Is writing with AI “cheating”?

AI for Writing

someone interested in AI who also has a side gig as a writer, I get asked pretty often about using AI for writing. Even more often, I feel a tension in conversations that people want to ask about it, but it might seem rude. The instinct seems to be that using AI for writing – especially professional and academic writing – is cheating.

Let’s be clear: using AI for writing is only cheating if it is officially not allowed. This has two sides: as the writer you should know where your editor, professor, customer, etc. stands on this. For those who are assigning writing tasks, be clear about your own requirements. Are you ok with the use of AI, and in what capacity? The Pulitzer Prize now has policies for disclosures (not restrictions!) on AI use. You can too.

So for those of you who wanted to ask, no, I do not use AI to write my articles for TechWire or clients (unless asked). Nor do I use it for generating social media or video content. However, I do use AI to help me with this work.

I use AI to…

  • Summarize long articles, press releases, or academic papers for salient points and stats,
  • Explain or define complex concepts and acronyms,
  • Review the content I’ve written for errors or to improve clarity,
  • Review an article and suggest section headings and/or headlines.

But at no point do I take the AI’s responses verbatim. Most often the final product is a mash up of the AI version and my own. As Ethan Mollick says in his own recent article talking about using AI for writing, “The most valuable way to start us[ing] AI for work is to become a Centaur or Cyborg.”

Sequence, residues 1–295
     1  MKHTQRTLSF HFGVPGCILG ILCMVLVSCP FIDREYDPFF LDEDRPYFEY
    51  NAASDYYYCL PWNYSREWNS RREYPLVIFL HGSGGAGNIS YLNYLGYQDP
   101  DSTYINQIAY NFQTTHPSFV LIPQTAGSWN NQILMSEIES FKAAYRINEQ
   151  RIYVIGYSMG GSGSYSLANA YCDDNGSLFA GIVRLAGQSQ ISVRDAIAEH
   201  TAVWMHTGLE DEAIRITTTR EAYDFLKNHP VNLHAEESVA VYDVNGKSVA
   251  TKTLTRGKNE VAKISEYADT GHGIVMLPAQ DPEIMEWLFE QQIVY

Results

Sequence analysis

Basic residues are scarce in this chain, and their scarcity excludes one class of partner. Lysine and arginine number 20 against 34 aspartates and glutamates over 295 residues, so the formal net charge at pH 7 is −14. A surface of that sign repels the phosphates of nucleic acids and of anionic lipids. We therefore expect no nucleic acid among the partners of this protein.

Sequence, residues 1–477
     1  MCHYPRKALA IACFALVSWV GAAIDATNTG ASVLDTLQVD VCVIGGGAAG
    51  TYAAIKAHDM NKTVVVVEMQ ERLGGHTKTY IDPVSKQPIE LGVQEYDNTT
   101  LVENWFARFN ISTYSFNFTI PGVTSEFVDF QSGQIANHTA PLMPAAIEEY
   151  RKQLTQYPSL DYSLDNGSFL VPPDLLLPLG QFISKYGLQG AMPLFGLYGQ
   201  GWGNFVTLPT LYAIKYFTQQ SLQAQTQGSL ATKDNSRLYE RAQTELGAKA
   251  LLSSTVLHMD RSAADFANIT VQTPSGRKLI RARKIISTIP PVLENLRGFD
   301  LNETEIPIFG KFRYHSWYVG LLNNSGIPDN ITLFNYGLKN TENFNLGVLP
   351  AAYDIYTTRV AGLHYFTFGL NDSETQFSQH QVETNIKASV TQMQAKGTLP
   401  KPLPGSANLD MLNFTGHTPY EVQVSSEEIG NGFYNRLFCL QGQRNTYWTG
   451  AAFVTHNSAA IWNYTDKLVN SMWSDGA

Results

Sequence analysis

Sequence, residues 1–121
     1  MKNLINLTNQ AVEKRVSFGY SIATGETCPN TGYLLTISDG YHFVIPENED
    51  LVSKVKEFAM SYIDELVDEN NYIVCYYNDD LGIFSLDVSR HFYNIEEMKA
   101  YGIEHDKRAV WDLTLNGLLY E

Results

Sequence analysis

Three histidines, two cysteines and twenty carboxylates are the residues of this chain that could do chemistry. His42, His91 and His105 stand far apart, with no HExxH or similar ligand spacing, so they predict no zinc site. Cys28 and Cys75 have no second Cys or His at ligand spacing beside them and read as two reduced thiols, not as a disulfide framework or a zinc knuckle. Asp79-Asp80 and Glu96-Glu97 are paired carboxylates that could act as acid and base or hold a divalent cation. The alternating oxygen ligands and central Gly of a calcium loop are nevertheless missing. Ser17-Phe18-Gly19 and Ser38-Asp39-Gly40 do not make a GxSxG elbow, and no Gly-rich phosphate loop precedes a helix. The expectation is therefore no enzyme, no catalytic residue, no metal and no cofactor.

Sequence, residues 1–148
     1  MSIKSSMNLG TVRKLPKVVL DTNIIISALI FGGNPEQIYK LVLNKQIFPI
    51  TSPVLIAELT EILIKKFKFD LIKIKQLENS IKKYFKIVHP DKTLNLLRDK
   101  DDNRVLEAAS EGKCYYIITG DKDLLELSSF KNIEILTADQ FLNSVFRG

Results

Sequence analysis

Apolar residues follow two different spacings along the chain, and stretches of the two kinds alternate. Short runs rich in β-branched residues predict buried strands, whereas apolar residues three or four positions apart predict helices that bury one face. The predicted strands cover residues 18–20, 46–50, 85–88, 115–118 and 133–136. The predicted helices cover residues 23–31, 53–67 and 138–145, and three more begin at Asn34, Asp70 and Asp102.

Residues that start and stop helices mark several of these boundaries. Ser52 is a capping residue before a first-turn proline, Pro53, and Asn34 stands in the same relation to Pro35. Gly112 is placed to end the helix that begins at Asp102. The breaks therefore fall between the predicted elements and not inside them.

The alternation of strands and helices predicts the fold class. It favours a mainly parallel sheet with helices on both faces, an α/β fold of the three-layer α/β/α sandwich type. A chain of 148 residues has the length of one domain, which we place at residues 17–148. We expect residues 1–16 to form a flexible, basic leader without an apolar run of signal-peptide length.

Officially Using AI for Writing

I have been asked to use AI to create content for a client – yep, that’s happening. Writing content can be a heavy lift for a busy company and it’s true that at this point LLM’s write better than most people. But there’s still a lot of human effort required.

As a first step, I’m working with the client to generate the topic, which leads to a subsequent prompt and the initial draft. Once there’s a viable version, I review that for clarity, organization, and repetitiveness (a flaw I see frequently in AI-generated content). I then get client feedback on the accuracy and tone of the content to ensure it matches the company brand. If needed, there’s another revision or even a re-prompting (essentially starting over).

If that sounds like a lot of work, it is! Technically it’s more work for me than the alternative path of editing an article written by a company expert. The amount of work also increases with the relative complexity of the topics. But as LLM models continue to improve, the initial drafts will too, and edit times should decline. 

Companies that really want to invest in AI writing can potentially improve the process further by creating a GPT. By training an instance with their past content and expertise, they can effectively build a tool that will improve the initial output, while continuing to learn with each iteration.

Ready to try this for your small business? Get in touch!

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